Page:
Century-Old Virginia Beach Cottages Transformed Into Pink Bungalows Perfect for a Girls’ Getaway
Virginia Beach—Nearly a century ago, small cottages were built near the ocean in the young resort town of Virginia Beach. In 2021, a string of bungalows on Cypress Avenue caught the attention of Katie Denton.
“Houses with character,” she describes them.
Denton was shopping for a new project after remodeling two vacation cottages in the Outer Banks. She owns Bees Nees, a company that specializes in vacation getaways and intimate events.
She bought the Cypress Avenue properties and converted them—three houses, an old garage and a shed into The Pink Bungalows, rentals that play up the historic charm of the neighborhood with an eclectic look and personalized experience.
Denton, who prides herself on preserving and not tearing down, saw potential in the houses and renovated them using inspiration from her childhood vacation experiences. Even the name of her business was inspired by her roots: Her family home on Maryland’s Gibson Island, in the Chesapeake Bay, was called The Bees Nees. (In the 1920s, “the bee’s knees” became a popular colloquialism for something outstanding.)
Denton, who is from Baltimore, moved to Hampton Roads as a young child, and she often visited her grandparents in Key West, Florida. The tropical atmosphere and the inviting spirit she remembers from those trips work their way into her projects.
Throughout The Pink Bungalows, Denton has incorporated styles from around the world. Pops of color and flair hearken to the Caribbean, Mexico and India in fresh, unusual and tasteful ways.
“The spaces sort of transport you,” she said.
At the beginning of the pandemic, Denton transformed her home in Southern Shores, dubbed The Treehouse, into a vacation rental. She hired her friend Liz Hartz, a Virginia Beach interior designer, to lead the project. They revamped another rental property, The Cottage, a mile away. Denton picked out the furniture and prepared the home for guests. She fell in love with the level of planning involved.
“Intentional” is the word she uses to describe how she thinks through each piece.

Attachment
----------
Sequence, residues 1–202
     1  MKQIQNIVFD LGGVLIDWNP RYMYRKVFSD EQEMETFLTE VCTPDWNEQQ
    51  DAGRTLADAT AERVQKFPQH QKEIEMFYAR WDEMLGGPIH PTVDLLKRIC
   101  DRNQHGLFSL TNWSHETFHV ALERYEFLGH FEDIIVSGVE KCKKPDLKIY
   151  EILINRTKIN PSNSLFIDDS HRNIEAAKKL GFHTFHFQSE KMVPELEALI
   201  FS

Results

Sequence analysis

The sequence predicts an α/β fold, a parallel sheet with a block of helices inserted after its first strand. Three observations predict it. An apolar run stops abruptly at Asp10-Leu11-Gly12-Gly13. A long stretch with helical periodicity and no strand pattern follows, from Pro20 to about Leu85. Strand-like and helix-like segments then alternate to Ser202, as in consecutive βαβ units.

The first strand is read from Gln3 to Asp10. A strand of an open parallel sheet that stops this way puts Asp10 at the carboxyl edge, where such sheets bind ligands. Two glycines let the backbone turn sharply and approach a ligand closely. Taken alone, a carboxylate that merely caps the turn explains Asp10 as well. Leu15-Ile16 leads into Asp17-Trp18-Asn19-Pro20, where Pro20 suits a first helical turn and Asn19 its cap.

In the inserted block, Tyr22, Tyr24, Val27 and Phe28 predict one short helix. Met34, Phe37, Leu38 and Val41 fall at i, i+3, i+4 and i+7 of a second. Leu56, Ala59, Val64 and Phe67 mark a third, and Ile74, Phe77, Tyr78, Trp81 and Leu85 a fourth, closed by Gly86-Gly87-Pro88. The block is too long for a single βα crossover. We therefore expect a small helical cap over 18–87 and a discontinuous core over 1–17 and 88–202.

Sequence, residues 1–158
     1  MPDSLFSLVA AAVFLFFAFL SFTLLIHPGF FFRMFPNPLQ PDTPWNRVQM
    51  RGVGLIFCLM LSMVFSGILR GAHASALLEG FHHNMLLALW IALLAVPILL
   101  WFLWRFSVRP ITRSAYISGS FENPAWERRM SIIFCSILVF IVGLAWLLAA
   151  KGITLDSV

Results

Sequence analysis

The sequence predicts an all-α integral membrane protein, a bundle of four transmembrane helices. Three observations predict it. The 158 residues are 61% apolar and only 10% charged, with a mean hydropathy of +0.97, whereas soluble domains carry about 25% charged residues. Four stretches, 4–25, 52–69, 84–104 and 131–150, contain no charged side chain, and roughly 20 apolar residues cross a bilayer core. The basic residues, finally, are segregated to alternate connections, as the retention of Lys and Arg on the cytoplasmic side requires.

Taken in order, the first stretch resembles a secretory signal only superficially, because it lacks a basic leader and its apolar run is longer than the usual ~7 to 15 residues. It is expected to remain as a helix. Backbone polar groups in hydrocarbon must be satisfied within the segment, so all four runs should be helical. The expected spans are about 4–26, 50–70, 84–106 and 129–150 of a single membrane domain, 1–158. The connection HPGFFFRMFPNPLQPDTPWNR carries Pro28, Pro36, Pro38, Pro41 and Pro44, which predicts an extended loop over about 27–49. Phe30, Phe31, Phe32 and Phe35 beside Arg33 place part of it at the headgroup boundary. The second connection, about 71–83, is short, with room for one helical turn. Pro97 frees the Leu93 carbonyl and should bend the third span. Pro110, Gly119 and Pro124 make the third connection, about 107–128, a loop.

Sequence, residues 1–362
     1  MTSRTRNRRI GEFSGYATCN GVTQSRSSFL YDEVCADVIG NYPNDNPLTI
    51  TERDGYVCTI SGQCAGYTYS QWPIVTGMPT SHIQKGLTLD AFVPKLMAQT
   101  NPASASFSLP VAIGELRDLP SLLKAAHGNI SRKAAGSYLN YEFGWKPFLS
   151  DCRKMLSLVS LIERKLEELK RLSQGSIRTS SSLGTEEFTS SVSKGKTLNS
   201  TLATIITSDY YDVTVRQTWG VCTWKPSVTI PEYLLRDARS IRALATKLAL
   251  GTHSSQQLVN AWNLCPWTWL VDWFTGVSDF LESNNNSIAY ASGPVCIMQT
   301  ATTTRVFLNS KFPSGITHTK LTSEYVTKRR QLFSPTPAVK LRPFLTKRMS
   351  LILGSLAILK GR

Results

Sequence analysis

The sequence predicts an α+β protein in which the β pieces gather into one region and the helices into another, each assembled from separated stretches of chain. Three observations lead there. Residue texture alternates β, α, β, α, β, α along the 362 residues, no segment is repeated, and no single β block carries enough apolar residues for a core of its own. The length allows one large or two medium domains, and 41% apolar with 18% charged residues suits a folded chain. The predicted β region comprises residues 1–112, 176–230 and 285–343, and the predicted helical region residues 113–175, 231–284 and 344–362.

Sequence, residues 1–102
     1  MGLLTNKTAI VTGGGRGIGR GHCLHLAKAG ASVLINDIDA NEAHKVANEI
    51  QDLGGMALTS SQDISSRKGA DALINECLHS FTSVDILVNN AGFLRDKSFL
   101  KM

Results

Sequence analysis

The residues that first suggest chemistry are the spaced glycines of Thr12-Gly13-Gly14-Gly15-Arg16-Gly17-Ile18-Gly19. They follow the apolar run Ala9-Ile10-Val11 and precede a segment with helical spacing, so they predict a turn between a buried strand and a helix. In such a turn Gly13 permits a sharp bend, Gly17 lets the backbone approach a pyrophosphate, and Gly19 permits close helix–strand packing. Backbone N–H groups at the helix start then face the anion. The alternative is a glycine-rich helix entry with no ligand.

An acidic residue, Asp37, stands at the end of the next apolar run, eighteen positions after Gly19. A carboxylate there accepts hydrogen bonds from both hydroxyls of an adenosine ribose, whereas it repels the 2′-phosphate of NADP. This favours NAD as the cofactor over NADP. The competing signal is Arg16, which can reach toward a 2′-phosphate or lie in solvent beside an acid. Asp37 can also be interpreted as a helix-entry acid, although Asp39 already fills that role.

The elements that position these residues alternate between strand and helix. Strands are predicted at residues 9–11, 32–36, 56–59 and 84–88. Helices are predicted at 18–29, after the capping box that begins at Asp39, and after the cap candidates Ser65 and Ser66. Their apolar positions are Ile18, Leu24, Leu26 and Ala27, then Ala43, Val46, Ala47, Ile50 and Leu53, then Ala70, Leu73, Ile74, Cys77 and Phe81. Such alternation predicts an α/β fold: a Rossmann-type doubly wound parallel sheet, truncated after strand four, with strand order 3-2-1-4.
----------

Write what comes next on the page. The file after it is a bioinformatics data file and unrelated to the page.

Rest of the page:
The extent of the work needed for a makeover of The Pink House, a 1937 cottage that is the centerpiece of The Pink Bungalows, quickly became more of a challenge than she expected.
“It was really struggling,” she said. “The house was just sinking.”
A contractor was able to shore up the foundation and salvage all of the walls and the original living room floor. The Pink House features several bedrooms and a loft with twin beds for children.
Next to The Pink House was a “really awful-looking garage,” Denton said.
She transformed it into The Carriage House for intimate gatherings. It features a long dining table and a large beaded chandelier. French doors lead to the backyard, where wispy, beachy plants line the edge of a brick patio. Pink and white umbrellas are next to a heated saltwater pool. Even the garden hose and the electric golf cart are pink.
The Libby is a second beach cottage, bright and tropical, that Denton renovated and uses as a workspace and for event rentals. Behind it is The Liz, an old shed converted into a plush sitting room. On display there are pieces from a glassware line that Bees Nees developed with the Chrysler Museum’s Perry Glass Studio. A third home, The Kate, is a yearly rental.
Denton likes to support local businesses, especially women-owned companies, that provide catering, floral and gift services as well as some of the décor. She is excited about a commercial renovation she’s about to embark on, and it will be her most extensive yet, she said. She isn’t ready to share details.
“The next big one is going to be another preservation project because that’s really important to me,” she said. “I love that you can look around in Virginia Beach and still see some of the original Virginia Beach.”
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